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By Blaine Denton
The American Petroleum Institute (API) will start licensing a new heavy-duty engine oil category in December 2016. During its development, the category was called Proposed Category 11 (PC-11), with two subcategories, PC-11A and PC-11B. In December 2015, ASTM Subcommittee D02.B on Automotive Lubricants approved the category, which will officially become API CK-4for PC-11A and API FA-4 for PC-11B. At the time of this writing, a ballot had been sent out to members of the API Lubricants Committee to approve the use of API CK-4 and FA-4 in the API Service Symbol Donut, the user language and the first licensing date.
Up to this point, a category has never been split in two before. Part of the impetus for this unprecedented change stems from U.S. Environmental Protection Agency (EPA) regulations, which were established in 2010 to reduce greenhouse gas emissions and improve fuel economy for medium- and heavy-duty diesel engines. The new categories were created to address these mandates, enabling new advancements in diesel engine design, improving fuel economy through the use of lighter viscosity oils, and improving engine durability through additive chemistry and base oil selection.
API CK-4 will be backward compatible with older diesel engines. The name helps to explain this, as the current category is CJ-4. API CK-4 oils have a minimumHTHS viscosity of 3.5 mPasor higher.API FA-4 oils, however,are intended for next-generation diesel engines,and will have lower high temperature high shear limits (2.9-3.2 mPas).
Since this is the first time that a category has been split in two, the API was faced with the challenge of howto make the distinction clear for end users.
Initially, the idea was to include a suffix, H for high and L for low, to indicate their viscosity. These designations were planned to come in the form of a circular seal on the back of motor oil bottles. The API Lubricants Committee dedicated many hours to discussing the topic. Last July, API engaged the services of a marketing firm, Coyne Public Relations, to survey end-users on how this idea might play out.
The results of the survey convinced API to drop the idea of adding a suffix because it would have resulted in greater confusion. Thus, at the December 2015 meeting in Austin, Texas, U.S.A., Kevin Ferrick, who is API’s Engine Oil Licensing Certification System (EOLCS) program manager, informed the SAE Engine Oil Viscosity Classification task force that API will not move forward with its initially anticipated request for the H and L suffixes. The task force is responsible for SAE J300, the global engine oil viscosity classification system.
The main problem with the seal is that it’s new and unusual. One of the people surveyed noted, “I’ve seen it…but honestly I have no idea what API means. I think it’s a seal of approval maybe…?” Essentially, the proposed seal would add to the confusion rather than clarify the message to customers.
The survey found that these new seals created more questions than answers. Some users shared that they simply look for the picture of their engines on the back, and if they see theirs then they must be compatible.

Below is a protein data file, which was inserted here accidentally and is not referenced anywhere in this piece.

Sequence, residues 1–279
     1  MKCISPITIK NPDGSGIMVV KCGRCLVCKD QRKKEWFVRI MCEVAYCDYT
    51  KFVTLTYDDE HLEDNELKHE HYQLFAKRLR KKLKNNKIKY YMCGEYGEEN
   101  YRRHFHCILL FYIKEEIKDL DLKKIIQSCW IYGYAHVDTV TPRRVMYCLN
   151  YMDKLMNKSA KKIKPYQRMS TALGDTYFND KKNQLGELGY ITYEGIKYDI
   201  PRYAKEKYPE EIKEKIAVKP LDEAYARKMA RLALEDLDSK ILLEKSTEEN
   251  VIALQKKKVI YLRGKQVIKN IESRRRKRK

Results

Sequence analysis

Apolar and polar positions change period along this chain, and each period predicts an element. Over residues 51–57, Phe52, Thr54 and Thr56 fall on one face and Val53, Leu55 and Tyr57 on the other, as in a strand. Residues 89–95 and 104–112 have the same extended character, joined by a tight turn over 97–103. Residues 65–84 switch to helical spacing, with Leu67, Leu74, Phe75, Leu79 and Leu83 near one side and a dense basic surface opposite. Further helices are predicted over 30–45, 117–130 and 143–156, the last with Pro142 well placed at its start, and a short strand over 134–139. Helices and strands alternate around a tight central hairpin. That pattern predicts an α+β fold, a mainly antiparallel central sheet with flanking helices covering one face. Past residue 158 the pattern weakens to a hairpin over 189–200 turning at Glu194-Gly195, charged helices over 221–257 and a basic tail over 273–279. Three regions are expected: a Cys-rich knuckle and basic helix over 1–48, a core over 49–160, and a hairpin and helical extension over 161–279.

The number of API licensees has reached an unprecedented high of 721, which of course does not help simplify the situation. Adding to the ambiguity of these seals are the designations themselves. Some users reported not even noticing the H or L, while others did not know what it was supposed to denote. Some guesses included, “Heavy duty & Light duty, Highway vs. Local, High vs. Low, or Hot temps vs. Low Temps.”
Ferrick reported that through this research, which surveyed 400 people, the API has learned that “oil specifications are in the eye of the beholder.” Sixty-five percent of those surveyed, he said, were not even aware of the new upcoming category. Beyond that, most users have a much more narrow set of qualifications they follow when they decide what oil to buy. Many users, for instance, reported that they just pay attention to the SAE viscosity grade—“diesel has always been 15W-40,” someone said.It didn’t make sense to end-users that two oils, both labeled SAE15W-40, might in fact have different viscosities. This is where the idea for the “high” and “low” qualifiers began in the first place.
A service manager explained that his employees have rarely ever made a mistake with an oil change, but he made the dire prediction that, “90% will go wrong in the beginning if this is the way it’s going to be.”
One of the proposed solutions was to simply label the bottles with the correct year, that way consumers will know if they have the older or newer versions. Another option was to include a list of compatible engines.Since space on the bottle is prime territory, Ferrick said, the task force has been trying to focus on options within the API “donut,” the circular symbol that already appears on all API-licensed products and contains the SAE viscosity grade in the centre.
“The new API CK-4 and API FA-4 products are better oils. They will better protect engines, provide better fuel economy, and reduce GHG emissions compared to today’s oils,” explained Shawn Whitacre, chairman of the ASTM Heavy Duty Engine Oil Classification Panel, which developed test methods for the PC-11 category.Whitacre is senior staff engineer of engine oil technology at Chevron Products Company.
As part of a public education campaign it launched recently, Chevron has created a new website, PC-11Explained.com which provides commentary, multimedia resources and news regarding the new category.
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